With new cleared swap instruments being created for each new day and each unique coupon traded, and tenors that can extend 20 or 30 years, one easy-to-predict consequence of the migration to centralized clearing of swap derivatives is that trading and clearing firms must prepare to support a proliferation of open position line items for each customer.
The natural reaction to this realization is to call for increased use of compression within the industry. What we shouldn’t miss, however, is that the migration to a cleared swap environment provides opportunities to re-think and improve the traditional methods for compression of swaps contracts, in light of the important structural differences between the OTC and CCP environments. Legacy compression techniques have evolved from a world characterized by factors that are increasingly irrelevant in the cleared swap paradigm: Bi-lateral credit relationships, inconsistent collateral exchange terms and non-centralized pricing calculations.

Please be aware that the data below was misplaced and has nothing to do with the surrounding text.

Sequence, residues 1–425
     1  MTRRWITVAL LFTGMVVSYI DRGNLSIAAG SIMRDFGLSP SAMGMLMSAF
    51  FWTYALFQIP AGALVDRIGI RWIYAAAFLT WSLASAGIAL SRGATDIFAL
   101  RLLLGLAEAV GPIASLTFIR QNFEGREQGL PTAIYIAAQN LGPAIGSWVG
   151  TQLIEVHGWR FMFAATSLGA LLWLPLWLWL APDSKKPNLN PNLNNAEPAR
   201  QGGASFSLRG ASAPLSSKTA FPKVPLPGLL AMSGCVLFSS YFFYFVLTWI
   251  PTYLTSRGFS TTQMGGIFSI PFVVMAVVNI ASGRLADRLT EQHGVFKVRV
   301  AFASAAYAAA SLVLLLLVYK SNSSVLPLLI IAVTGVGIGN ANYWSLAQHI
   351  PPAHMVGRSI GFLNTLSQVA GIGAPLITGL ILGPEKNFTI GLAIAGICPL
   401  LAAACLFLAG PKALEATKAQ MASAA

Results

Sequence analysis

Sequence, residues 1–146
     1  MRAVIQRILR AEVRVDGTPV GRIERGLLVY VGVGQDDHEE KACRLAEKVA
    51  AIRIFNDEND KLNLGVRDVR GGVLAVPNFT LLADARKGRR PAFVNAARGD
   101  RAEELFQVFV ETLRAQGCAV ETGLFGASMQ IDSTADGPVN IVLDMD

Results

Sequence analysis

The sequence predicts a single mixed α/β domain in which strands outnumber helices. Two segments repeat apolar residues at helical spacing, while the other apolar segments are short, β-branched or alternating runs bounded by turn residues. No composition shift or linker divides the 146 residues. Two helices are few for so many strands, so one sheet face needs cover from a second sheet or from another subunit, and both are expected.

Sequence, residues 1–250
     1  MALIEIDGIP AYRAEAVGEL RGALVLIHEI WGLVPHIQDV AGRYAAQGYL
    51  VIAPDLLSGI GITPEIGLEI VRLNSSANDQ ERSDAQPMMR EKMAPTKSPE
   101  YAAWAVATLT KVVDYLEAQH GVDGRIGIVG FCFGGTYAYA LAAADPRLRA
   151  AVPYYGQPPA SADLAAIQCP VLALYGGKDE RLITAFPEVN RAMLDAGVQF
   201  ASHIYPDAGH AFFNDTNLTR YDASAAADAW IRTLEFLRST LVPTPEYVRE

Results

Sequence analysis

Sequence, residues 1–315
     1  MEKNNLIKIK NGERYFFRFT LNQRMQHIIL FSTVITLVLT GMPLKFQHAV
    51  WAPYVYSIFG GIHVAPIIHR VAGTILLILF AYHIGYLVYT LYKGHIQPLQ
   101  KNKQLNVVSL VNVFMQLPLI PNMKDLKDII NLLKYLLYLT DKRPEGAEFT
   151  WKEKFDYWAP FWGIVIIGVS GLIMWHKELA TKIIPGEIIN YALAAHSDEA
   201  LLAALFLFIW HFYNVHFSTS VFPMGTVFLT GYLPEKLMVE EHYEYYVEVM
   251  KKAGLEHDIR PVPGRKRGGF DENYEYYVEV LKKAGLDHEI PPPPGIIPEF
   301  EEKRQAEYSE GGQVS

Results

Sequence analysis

Trading swaps as freely tradable, centrally-cleared futures, on the other hand, offers compelling advantages to these legacy constraints, without the inflexible product specifications traditionally associated with futures contracts. Realizing the full potential of the CCP model calls for a reevaluation of compression methods to take full advantage of the standardization of terms for contracts, collateral, pricing and counterparty risk. With all participants on a swap execution venue eligible to participate on equal terms, the reduced complexity of compression may even lead to an integration of compression into the trading routines, rather than requiring manual, time-consuming, complex back-office processes.